[TechCrunch] – After several failed startup attempts and nine years spent building Nuvemshop into Latin America’s answer to Shopify, the four co-founders of the company have managed to raise $30 million in venture capital funding as they look to expand their business.
The new funding came from previous investor Kaszek Ventures and new lead investor Qualcomm, with participation from FJ Labs, IGNIA, Elevar Equity and Kevin Efrusy, from the longtime Accel Partners investor’s personal wealth.
It’s been a long road since Santiago Sosa, Alejandro Vazquez, Martin Palombo and Alejandro Alfonso first began working together in Buenos Aires. The quartet started on their entrepreneurial journey trying to develop a marketplace software product for Latin America, but when that didn’t take off, they turned their attention to a more basic problem — how to get small and medium-sized businesses selling online.
Now the company boasts 65,000 businesses that use its platform providing everything from billing and payment processing to logistics and shipping solutions transacting over $100 million per month in sales. Operating as Nuvemshop in Brazil and Tiendanube in the rest of the region, the company has offices in São Paulo, Buenos Aires and Mexico City, with plans to expand into Colombia and Peru in 2021.
Nuvemshop began as more of a consulting business and evolved into the suite of software tools that have managed to attract attention from investors like Qualcomm Ventures.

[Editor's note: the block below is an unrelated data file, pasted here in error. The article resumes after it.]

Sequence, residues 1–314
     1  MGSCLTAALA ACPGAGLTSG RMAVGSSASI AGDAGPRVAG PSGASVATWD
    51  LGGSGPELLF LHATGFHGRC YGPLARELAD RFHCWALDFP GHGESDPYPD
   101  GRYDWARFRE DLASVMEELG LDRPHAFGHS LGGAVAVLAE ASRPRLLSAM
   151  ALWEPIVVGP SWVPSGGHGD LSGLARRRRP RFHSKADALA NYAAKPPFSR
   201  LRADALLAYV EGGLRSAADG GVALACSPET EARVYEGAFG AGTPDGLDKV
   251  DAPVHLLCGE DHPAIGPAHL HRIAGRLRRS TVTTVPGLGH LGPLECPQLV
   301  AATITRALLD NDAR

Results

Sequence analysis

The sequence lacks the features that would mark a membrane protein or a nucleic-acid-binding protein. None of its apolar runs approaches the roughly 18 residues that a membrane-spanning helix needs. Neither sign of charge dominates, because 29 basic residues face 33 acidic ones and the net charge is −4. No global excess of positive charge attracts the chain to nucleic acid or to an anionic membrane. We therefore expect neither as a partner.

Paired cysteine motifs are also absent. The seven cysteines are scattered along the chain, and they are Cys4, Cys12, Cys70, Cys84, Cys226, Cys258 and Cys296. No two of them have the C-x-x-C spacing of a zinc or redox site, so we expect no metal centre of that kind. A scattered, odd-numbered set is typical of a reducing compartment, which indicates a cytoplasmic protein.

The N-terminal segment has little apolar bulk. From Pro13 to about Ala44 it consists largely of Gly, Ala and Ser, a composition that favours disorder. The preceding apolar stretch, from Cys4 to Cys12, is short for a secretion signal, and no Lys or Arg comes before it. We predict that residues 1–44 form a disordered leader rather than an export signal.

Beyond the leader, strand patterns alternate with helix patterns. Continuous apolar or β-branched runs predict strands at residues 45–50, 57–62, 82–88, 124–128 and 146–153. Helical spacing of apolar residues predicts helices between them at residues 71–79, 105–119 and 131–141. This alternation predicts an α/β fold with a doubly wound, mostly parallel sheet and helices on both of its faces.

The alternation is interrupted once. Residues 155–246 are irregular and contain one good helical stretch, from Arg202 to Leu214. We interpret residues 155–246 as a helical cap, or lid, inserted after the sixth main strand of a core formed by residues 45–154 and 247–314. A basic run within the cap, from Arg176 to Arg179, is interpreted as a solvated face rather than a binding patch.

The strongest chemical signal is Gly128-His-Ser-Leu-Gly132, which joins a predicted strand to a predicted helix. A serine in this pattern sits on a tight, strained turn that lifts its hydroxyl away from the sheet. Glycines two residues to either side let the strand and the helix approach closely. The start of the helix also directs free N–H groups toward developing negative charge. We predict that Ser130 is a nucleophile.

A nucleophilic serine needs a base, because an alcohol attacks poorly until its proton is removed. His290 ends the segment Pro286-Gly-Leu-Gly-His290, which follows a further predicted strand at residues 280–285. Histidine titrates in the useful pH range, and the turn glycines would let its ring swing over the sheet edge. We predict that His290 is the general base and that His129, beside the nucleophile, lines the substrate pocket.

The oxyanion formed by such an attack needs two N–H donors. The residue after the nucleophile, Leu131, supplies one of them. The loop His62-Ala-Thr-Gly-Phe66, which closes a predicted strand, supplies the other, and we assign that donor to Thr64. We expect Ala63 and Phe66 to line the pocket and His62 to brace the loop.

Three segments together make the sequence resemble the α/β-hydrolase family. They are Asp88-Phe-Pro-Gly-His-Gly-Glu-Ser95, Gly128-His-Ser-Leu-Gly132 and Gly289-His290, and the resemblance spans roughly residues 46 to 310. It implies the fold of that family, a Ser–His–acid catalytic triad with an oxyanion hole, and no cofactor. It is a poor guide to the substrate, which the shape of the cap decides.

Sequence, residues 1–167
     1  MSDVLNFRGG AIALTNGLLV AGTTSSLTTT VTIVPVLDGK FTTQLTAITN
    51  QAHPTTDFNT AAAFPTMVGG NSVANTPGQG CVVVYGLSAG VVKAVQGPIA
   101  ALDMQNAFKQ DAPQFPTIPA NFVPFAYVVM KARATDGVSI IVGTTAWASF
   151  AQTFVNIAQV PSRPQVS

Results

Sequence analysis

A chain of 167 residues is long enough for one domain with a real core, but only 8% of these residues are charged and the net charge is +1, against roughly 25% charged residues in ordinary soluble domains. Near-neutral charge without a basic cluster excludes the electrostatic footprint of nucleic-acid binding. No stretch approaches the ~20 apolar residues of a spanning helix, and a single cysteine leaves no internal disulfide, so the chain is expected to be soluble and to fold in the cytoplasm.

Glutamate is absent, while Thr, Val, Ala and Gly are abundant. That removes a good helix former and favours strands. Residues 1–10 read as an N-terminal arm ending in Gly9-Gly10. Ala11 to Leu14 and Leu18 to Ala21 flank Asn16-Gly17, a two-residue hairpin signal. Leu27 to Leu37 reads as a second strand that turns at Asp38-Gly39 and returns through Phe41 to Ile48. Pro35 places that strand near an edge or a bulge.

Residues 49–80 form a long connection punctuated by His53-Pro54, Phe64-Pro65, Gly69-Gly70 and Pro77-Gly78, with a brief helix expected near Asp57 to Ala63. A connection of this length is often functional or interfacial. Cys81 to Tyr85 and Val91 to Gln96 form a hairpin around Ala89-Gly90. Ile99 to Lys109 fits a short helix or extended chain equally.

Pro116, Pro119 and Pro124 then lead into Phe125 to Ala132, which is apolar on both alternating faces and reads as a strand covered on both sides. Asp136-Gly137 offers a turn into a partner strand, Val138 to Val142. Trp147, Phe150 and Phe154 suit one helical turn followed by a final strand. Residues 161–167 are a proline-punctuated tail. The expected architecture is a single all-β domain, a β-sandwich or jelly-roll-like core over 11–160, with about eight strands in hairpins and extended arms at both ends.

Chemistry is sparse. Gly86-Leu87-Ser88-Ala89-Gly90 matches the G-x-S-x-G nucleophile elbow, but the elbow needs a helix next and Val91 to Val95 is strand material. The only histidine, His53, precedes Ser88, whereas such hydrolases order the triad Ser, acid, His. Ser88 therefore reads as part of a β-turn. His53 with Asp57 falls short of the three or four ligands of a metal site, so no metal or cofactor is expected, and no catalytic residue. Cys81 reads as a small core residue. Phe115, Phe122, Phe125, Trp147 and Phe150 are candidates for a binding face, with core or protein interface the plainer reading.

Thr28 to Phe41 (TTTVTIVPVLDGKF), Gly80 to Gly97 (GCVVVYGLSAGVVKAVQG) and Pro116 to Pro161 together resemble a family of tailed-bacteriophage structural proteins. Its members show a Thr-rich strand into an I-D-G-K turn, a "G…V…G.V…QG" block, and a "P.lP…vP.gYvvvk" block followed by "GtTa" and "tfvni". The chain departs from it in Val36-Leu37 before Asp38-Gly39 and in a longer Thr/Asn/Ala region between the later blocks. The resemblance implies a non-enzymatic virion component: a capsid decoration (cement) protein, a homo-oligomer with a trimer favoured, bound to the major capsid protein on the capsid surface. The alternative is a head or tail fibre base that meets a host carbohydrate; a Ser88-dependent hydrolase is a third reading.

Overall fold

“Nuvemshop’s platform accelerates a company’s digital transformation and has enabled thousands of SMBs across Latin America to go digital by tapping into the company’s one-stop shop of seamlessly integrated solutions,” said Alexandre Villela, senior director of Qualcomm Technologies Inc. and managing director at Qualcomm Ventures Latin America. “We share their strong engineering focus and look forward to helping them scale their business with our investment.”
Nuvemshop raised its first money in 2015 from Kaszek Ventures (a $5 million investment), and, as the business picked up steam, raised $7 million more from local investors.
It makes money by charging a subscription fee that begins at $3 per month and a transaction fee that decreases as customers buy more expensive subscription packages.
Now that the company has an established footprint in the region, it’s going to focus on three new areas of growth, according to chief executive, Santiago Sosa.
The company plans to launch a payment processing and logistics gateway of its own. That marketplace will give customers access to more robust shipping solutions thanks to the power of bundling lower demand into a single delivery and ordering system. Nuvemshop also pitches its customers an app store for connecting them to new developer tools.
Finally, the company intends to offer a broader array of financial services. It already offers payment processing, but will look to develop additional services around lending based on revenue.
Like Shopify, Nuvemshop provides a necessary ballast to the big e-commerce aggregation sites like MercadoLibre and Amazon . “Everything they do they try to optimize for the buyer,” Sosa said. That places incredible pricing pressure on retailers and Nuvemshop offers a direct sales alternative, with lower fees, according to Sosa.
The pent-up demand that Sosa sees, is fairly astonishing.
“People are talking about e-commerce penetration going from [roughly] 10% over total retail sales to [roughly] 20%, as it has happened in other countries. We see it differently, as we envision a massive disruption around commerce in the next 15 years, and are pretty confident that [roughly] 90% of retail will be somehow tech-enabled,” said Sosa, in a statement.